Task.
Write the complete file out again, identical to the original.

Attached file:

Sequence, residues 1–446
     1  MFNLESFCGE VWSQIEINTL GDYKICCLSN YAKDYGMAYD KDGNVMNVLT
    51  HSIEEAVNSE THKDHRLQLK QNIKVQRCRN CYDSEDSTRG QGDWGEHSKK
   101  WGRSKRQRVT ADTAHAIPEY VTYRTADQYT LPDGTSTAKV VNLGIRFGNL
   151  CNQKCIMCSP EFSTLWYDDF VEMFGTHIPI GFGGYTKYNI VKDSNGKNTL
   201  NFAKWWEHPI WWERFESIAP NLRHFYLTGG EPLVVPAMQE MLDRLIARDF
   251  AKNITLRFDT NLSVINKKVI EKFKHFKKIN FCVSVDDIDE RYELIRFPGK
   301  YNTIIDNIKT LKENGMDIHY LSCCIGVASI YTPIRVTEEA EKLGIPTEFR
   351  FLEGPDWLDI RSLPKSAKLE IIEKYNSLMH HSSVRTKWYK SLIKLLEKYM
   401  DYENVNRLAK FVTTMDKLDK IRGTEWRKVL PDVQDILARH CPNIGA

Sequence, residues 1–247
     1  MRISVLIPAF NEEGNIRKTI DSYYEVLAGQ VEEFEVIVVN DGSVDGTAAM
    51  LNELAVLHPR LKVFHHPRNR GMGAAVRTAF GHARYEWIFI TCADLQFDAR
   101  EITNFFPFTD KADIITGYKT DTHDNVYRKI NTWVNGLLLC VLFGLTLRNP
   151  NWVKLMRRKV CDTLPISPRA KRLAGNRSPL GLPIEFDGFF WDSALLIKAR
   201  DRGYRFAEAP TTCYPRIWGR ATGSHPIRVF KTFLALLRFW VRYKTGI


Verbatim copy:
Sequence, residues 1–446
     1  MFNLESFCGE VWSQIEINTL GDYKICCLSN YAKDYGMAYD KDGNVMNVLT
    51  HSIEEAVNSE THKDHRLQLK QNIKVQRCRN CYDSEDSTRG QGDWGEHSKK
   101  WGRSKRQRVT ADTAHAIPEY VTYRTADQYT LPDGTSTAKV VNLGIRFGNL
   151  CNQKCIMCSP EFSTLWYDDF VEMFGTHIPI GFGGYTKYNI VKDSNGKNTL
   201  NFAKWWEHPI WWERFESIAP NLRHFYLTGG EPLVVPAMQE MLDRLIARDF
   251  AKNITLRFDT NLSVINKKVI EKFKHFKKIN FCVSVDDIDE RYELIRFPGK
   301  YNTIIDNIKT LKENGMDIHY LSCCIGVASI YTPIRVTEEA EKLGIPTEFR
   351  FLEGPDWLDI RSLPKSAKLE IIEKYNSLMH HSSVRTKWYK SLIKLLEKYM
   401  DYENVNRLAK FVTTMDKLDK IRGTEWRKVL PDVQDILARH CPNIGA

Sequence, residues 1–247
     1  MRISVLIPAF NEEGNIRKTI DSYYEVLAGQ VEEFEVIVVN DGSVDGTAAM
    51  LNELAVLHPR LKVFHHPRNR GMGAAVRTAF GHARYEWIFI TCADLQFDAR
   101  EITNFFPFTD KADIITGYKT DTHDNVYRKI NTWVNGLLLC VLFGLTLRNP
   151  NWVKLMRRKV CDTLPISPRA KRLAGNRSPL GLPIEFDGFF WDSALLIKAR
   201  DRGYRFAEAP TTCYPRIWGR ATGSHPIRVF KTFLALLRFW VRYKTGI